The years pass and soon it is Sara's eleventh birthday. Her father sends her 'The Last Doll' and Miss Minchin arranges a party for all the girls. In the midst of the celebrations, Sara's father's lawyer appears with the bad news - Captain Crewe is dead of 'jungle fever' and moreover has lost his entire fortune in speculating in a friend's Diamond Mine Enterprise. The friend, having lost all the money, had apparently fled the scene and Captain Crewe, betrayed and crushed, had died worrying about his little girl. Miss Minchin at first cannot believe the awful news. Then, within minutes, she undergoes a remarkable change from fawning to furious - especially as the lawyer is quick to relieve his firm of any responsibility of the now orphaned and penniless Sara and furthermore points out that Miss Minchin can't very well turn her off into the street as she wants to, since this won't look too good in public view. Miss Minchin, in a rage, decides that she will keep Sara, but as a Scullery Maid cum Slave, and immediately sets about imparting Sara with the news of her changed circumstances. To her intense annoyance, Sara receives the news with a 'strange' composure. She does not break down and cry as other children might. She seems almost relieved that she is to work for her living from now onwards. She calmly accepts all her possessions being confiscated by Miss Minchin and having to leave her comfortable room for the rat-infested attic. What is a bit harder to take is the suddenly changed way in which people, taking the cue from Miss Minchin, now regard her - now that she is no longer rich, she is no longer worthy of any respect. Sara finds herself receiving more or less the same treatment as Becky - she is overworked, fed inadequately, sometimes even deprived of food altogether, and moreover is made the butt of cruel jibes and ill-treatment. She grows thinner and her clothes become shorter, tighter, and shabbier. She is no longer recognizable as the little girl whom everyone once called 'Princess Sara'. Her tormentors relish this change. However, there are some things they have not contended with - Sara's indomitable spirit and her rich imagination, and the steadfast loyalty of her three friends Becky, Ermengarde, and Lotte. These sustain her in her bleakest moments. As Becky tells her, "Whats'ever 'appens to you - whats'ever - you'd be a princess all the same - an' nothin' couldn't make you nothin' different."
In her attic, Sara also befriends the birds that hop on the roofs outside and a rat that scurries about her room. She derives comfort in talking to her doll Emily. She likes to look out over the roofs and wonders about the attic opposite her own. She observes and starts liking a family living in the Square and names them 'The Montmorencys'. The youngest son of this family, taking her for a beggar, gives her his Christmas sixpence. Sara is aghast to be taken for a beggar, but then she laughs and thanks him. The children, not expecting such a response from a beggar, become curious about her and start observing in turn 'The-little-girl-who-is-not-a-beggar'. They see her grow thinner and shabbier. One day, when she is especially starving, Sara finds a fourpenny outside the Baker's shop. As she goes inside to inquire if the money belongs to the Baker, she sees a little girl outside who is even worst off than herself. The money does not belong to the Bakerwoman, who, seeing Sara's poor appearance, is both puzzled and interested that she should try to return money she obviously needs. Being a kind-hearted person, she gives her six instead of four buns in exchange. And then she is amazed to see Sara leave and give five of these buns to the starving child outside. Touched by this incident, the woman fetches the child inside and later on takes her under her care.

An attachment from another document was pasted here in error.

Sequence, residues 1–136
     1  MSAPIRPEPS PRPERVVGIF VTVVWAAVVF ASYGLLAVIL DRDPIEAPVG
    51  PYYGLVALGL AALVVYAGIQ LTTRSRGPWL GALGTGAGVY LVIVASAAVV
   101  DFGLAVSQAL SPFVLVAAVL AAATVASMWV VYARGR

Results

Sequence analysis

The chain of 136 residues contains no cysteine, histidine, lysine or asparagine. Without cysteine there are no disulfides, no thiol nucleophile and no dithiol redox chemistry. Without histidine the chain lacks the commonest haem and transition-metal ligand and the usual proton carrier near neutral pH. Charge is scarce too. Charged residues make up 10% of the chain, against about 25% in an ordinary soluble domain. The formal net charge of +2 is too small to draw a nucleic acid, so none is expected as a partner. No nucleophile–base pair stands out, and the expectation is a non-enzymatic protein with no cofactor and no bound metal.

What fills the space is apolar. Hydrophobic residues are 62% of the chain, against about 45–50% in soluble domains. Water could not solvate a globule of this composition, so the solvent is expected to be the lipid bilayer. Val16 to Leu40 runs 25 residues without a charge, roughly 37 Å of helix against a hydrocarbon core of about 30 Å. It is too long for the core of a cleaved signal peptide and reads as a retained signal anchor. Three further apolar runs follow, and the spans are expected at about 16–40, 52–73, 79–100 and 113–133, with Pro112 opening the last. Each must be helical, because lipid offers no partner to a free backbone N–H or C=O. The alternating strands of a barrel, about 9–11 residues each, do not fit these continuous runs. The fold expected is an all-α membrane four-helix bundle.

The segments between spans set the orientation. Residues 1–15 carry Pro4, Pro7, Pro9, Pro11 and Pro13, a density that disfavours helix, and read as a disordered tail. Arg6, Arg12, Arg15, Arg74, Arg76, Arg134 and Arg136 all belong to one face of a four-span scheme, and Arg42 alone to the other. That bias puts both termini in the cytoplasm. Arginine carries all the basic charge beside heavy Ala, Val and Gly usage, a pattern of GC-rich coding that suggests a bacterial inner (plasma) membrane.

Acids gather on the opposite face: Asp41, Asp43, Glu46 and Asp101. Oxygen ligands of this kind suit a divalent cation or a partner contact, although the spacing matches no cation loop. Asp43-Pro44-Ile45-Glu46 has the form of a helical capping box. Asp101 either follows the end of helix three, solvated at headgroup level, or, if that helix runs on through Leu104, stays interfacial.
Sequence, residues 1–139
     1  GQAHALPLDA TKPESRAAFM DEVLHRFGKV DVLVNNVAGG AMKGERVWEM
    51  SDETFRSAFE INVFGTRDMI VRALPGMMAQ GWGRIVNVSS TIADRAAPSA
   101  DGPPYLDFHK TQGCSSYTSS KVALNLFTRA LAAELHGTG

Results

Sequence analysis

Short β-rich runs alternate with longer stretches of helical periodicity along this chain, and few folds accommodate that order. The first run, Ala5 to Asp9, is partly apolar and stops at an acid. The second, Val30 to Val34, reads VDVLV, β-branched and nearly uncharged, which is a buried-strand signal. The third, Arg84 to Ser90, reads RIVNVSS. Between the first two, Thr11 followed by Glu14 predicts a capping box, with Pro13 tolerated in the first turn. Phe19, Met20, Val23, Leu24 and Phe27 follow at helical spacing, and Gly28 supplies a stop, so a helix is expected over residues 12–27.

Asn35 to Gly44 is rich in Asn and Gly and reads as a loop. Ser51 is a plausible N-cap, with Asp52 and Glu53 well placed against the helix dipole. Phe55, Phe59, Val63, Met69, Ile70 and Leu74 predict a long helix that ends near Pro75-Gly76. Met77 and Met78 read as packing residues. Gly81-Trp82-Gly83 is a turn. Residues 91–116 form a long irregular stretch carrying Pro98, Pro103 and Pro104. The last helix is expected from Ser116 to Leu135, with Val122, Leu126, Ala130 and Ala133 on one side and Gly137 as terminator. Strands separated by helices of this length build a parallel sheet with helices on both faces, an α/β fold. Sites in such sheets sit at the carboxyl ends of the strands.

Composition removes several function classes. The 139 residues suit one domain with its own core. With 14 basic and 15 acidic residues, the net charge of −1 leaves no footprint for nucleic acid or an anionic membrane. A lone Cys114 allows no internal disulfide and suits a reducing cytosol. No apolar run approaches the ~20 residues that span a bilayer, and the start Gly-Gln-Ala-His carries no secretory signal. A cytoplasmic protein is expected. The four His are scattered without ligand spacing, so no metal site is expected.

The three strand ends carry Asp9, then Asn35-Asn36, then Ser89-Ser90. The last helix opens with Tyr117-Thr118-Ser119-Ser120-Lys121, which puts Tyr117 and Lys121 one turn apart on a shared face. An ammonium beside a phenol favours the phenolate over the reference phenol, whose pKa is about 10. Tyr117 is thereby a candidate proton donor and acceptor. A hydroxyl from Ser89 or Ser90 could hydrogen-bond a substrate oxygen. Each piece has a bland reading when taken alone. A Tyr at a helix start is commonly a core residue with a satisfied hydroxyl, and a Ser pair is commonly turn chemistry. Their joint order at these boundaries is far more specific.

Meanwhile, an 'Indian Gentleman' has moved into the next house and the attic opposite Sara's is now occupied by his Indian Servant Ram Dass. Given her Indian background, she becomes very interested in them and befriends Ram Dass. He, another kind-hearted soul, mentions her circumstances to his master Mr. Carrisford and they hatch a romantic plan to help the child. While she is asleep, they transform her attic into a comfortable, warm place and see to it that both she and Becky are well-fed hereafter. It is like a dream coming true for the two little girls and their flagging spirits revive. They stop feeling, as they have been pretending, like two prisoners in the Bastille. Miss Minchin can't understand what is going on. She becomes especially alarmed when packages of expensive clothes arrive 'For the little girl in the right-hand attic'. Perhaps they might be from an eccentric Uncle who has just discovered Sara whereabouts - and this relative is not likely to look kindly upon the way Miss Minchin has been treating his niece - and so, belatedly, she starts behaving better.